Missing Heat Shield Cooked UCA Bushing!
As I indicated earlier, the lack of a heat shield on the right side Thrust arm resulted in the bushing being cooked, to the extent that comparing the two Thrust arms mounted side-by-side in a vice, showed the cooked bushing to have much less resistance to movement. Upon close inspection, it appears a heat shield was never mounted at the factory, as there are no marks on the mounting area or the attached flat nuts. It simply was never installed.

Heat shield installed on right side Thrust arm bushing mount.

Heat shield attachment.

If you have an early model E28, I'd certainly check to see if the heat shield is in place, as it may never have been installed, or not replaced during Thrust arm replacement or exhaust down pipe work. It clearly is needed, given what the heat did to my stock Thrust arm bushing. Without a heat shield, would the plastic in the larger 750 bushing start to deform? Become soft or brittle and fail? I only discovered this heat shield, after seeing it in the front axel parts breakdown, while identifying replacement attachment hardware to order from Steve Haygood.

Steering Box Center Marks
While you're under the car, you might want to clean off the steering box center index, perhaps adding a bit of white paint to make the index marks much easier to see. The Bentley manual picture of this is confusing, as it looks like the universal joint seam is the reference point, not the collar with the raised mark on it. A few other tips follow...



Convert an old 5/8-inch wrench for swaybar link use, by grinding it down.

Poor Quality Anti-Sway Bar Links
While preping the car for the BMW CCA NCC May 4, 2008 concours, I discovered that the anti-sway bar link joint boots had failed, after only 2300 miles, exposing the joints to the elements! As can be seen below, the boot has torn away from its retaining ring and this has happened at both ends of this link and one end of the other link. Note how the rubber has deteriorated. Was this very old stock, or simply poor quality boot rubber?
The only identification on the sway bar link, is the letter "K" within a circle. This link came from a trusted supplier. But, I have seen some on the Internet, which appear to be identical, based on their boot shape.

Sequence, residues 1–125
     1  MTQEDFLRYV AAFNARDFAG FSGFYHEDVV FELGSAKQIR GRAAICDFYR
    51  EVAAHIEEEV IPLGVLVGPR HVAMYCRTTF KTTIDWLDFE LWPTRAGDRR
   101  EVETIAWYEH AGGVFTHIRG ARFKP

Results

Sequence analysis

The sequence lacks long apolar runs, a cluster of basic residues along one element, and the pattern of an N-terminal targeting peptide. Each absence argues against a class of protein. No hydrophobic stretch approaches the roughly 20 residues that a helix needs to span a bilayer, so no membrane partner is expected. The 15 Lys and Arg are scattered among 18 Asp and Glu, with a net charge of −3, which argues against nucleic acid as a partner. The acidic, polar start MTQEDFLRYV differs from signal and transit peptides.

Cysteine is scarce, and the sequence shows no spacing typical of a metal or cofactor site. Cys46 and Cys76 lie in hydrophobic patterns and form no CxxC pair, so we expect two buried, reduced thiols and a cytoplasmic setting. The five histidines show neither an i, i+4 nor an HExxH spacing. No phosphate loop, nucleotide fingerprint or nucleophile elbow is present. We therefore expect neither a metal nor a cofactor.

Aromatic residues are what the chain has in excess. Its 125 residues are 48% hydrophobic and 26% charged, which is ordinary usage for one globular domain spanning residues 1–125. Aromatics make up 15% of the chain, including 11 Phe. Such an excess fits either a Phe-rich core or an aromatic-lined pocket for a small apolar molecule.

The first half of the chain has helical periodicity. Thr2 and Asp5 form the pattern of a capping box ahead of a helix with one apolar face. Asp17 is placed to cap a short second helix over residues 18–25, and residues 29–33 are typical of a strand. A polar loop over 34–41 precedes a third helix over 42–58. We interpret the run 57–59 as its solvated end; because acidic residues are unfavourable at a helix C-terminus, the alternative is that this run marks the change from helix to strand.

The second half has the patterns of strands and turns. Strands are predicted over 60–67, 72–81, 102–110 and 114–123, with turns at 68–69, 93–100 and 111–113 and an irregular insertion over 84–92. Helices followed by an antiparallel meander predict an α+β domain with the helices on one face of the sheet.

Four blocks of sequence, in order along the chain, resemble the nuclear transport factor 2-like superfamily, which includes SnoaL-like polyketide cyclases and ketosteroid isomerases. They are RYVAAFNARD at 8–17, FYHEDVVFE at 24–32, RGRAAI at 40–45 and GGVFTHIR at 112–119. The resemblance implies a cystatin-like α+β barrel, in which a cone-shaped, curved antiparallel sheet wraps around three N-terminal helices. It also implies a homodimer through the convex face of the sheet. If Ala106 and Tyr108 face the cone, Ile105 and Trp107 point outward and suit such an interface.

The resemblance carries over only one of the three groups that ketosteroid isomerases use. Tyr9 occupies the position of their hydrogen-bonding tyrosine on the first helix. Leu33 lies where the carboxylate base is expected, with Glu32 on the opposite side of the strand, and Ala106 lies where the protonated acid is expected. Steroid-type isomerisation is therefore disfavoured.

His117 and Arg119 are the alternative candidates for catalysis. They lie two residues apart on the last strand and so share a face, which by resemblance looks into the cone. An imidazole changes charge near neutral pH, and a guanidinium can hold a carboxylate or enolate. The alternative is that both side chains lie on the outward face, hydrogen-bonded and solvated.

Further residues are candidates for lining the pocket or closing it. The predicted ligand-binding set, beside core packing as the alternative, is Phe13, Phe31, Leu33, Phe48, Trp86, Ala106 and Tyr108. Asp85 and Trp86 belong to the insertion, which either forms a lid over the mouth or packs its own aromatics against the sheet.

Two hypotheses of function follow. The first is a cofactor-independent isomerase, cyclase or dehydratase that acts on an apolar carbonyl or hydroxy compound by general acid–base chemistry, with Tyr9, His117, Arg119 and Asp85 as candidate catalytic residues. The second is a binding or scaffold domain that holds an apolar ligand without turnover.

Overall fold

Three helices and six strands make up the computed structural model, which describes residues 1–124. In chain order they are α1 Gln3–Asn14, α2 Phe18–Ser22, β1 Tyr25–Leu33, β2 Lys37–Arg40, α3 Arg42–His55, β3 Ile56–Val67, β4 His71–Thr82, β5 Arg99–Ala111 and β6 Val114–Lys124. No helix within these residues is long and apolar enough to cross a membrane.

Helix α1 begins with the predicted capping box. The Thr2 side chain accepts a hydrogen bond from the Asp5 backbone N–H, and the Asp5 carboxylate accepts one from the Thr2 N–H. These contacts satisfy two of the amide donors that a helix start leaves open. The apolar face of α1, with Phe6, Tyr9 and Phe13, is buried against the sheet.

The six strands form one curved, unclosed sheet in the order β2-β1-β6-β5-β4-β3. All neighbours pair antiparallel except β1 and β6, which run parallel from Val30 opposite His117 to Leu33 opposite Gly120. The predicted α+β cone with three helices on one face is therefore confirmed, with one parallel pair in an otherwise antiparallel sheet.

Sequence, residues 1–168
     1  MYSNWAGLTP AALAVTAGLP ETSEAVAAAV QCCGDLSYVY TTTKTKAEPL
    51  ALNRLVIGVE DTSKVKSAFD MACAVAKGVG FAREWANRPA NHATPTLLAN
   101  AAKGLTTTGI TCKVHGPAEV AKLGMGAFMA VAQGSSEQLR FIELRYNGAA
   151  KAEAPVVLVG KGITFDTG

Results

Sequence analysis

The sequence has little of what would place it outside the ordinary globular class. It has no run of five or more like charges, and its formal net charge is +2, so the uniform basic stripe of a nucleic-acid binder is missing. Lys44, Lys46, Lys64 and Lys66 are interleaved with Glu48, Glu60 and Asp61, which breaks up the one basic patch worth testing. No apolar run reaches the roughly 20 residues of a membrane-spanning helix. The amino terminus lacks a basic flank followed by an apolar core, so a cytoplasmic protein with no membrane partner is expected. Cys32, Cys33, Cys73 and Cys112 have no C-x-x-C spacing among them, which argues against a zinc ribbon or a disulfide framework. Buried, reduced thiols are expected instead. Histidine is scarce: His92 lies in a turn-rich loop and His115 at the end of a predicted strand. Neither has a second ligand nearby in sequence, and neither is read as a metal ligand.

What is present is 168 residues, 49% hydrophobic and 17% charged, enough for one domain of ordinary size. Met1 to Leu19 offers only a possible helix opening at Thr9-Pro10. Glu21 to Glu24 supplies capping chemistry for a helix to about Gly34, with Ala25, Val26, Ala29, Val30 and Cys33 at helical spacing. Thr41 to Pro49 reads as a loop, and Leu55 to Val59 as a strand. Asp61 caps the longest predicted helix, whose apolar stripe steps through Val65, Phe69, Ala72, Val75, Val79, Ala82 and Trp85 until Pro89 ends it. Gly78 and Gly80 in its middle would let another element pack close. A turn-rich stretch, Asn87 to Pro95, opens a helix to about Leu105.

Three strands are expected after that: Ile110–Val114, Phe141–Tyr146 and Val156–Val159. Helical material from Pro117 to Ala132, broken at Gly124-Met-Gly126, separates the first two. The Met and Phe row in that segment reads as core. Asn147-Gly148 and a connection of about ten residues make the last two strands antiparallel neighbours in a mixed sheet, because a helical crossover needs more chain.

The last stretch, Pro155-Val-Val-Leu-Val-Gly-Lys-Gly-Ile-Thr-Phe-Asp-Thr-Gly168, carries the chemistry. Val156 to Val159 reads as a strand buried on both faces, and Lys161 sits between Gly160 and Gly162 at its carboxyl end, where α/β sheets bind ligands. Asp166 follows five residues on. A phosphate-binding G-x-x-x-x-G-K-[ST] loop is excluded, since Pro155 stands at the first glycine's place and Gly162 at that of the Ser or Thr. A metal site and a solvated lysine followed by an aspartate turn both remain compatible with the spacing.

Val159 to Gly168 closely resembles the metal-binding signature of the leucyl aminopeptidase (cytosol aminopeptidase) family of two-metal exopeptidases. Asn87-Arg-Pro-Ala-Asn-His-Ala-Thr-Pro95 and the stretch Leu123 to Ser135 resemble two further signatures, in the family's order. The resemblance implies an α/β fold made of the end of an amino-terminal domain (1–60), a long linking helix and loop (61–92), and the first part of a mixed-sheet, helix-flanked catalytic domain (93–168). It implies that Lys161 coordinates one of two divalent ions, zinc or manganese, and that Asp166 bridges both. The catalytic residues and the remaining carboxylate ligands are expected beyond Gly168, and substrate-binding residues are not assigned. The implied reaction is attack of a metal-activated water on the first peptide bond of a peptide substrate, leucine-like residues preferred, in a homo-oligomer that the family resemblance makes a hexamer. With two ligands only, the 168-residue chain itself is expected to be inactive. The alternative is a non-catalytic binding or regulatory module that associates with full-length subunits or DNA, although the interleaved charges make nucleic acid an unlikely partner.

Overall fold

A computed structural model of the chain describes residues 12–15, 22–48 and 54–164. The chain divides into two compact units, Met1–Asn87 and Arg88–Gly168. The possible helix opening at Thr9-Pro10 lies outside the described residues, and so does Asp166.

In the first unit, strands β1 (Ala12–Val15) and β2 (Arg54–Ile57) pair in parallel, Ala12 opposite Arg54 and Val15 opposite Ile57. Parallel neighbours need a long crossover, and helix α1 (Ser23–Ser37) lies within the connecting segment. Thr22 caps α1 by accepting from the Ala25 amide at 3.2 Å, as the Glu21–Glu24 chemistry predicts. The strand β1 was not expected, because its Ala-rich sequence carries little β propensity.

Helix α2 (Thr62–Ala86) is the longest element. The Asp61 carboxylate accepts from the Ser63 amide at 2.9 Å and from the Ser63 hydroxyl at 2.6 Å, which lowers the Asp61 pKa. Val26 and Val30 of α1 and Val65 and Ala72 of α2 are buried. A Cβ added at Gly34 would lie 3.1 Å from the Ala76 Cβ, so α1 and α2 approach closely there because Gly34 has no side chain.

The "K" brand link (bottom) compared to a Meyle brand link (top). This is the only end of the two "K" brand links, that the rubber boot is still intact... but certainly showing major rubber deterioration. Note the major difference in the boot configurations and the additional shaft welding on the Meyle brand link. The Meyle boot also feels much thicker and more robust. The "K" brand was used to replace high mileage Lemforder brand links, in 2006, which had started to develop the common creaking noise that these links make at the end of their service life. BTW, the boots of the high mileage Lemforder links were still intact and sound! Watch out for these "K" brand things, they are a POS, in my opinion.
UPDATE May 14, 2008
NOTE - I thought I had forgot to properly tighten the sway bar end of the left front link locking nut, as I discovered a knocking sound within a few miles of road testing. I tightened them to 15ft-lbs, as I have with the previous link self-locking nuts. Yesterday, after some serious backroad driving on surfaces with some major undulations, forcing the suspension to work hard, the frontend again started making a lot of loud knocking and clunking noises, much worse then the previous racket. A quick check (smack the bottom of the sway bar with your palm) showed that now both anti-sway bar link nuts were loose at the bottom attachment to the anti-sway bar!
The problem is that I used my earlier tightening torque, but the Meyle links required different torque settings, as shown in the Bentley manual in Section 16 - Page 7, at the bottom right corner of the page, in a box labeled "Tightening torque". Described as white chrome nuts, (as used on the Meyle links), the required torque was 24ft-lbs, up from my earlier yellow chrome spec of 15ft-lbs. My error, I should not have assumed the nut torque would be the same. Watch out for this when using different brand replacement parts... their attachment tightening torque specs may be different.

Update August 25, 2006 -
Finally finished and all back together, with the bushing bolts torqued down with the specified vehicle weight pre-loading in place. Certainly worth all the effort, to get the steering and front suspension back to very tight and responsive condition, probably even more so than stock was, with the use of 750 bushings in the Thrust arms. Yes, the steering shimmy, braking shimmy and the other associated problems are gone! Let's hope these 750 bushings last a bit longer.